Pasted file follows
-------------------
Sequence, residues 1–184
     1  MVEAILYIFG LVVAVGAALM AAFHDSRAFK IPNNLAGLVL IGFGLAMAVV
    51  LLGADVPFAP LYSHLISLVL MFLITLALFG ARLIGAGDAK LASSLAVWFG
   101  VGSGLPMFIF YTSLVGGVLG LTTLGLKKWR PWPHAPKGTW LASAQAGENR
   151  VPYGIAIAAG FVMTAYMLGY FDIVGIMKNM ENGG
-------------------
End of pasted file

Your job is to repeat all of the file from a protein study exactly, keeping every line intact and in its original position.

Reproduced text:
Sequence, residues 1–184
     1  MVEAILYIFG LVVAVGAALM AAFHDSRAFK IPNNLAGLVL IGFGLAMAVV
    51  LLGADVPFAP LYSHLISLVL MFLITLALFG ARLIGAGDAK LASSLAVWFG
   101  VGSGLPMFIF YTSLVGGVLG LTTLGLKKWR PWPHAPKGTW LASAQAGENR
   151  VPYGIAIAAG FVMTAYMLGY FDIVGIMKNM ENGG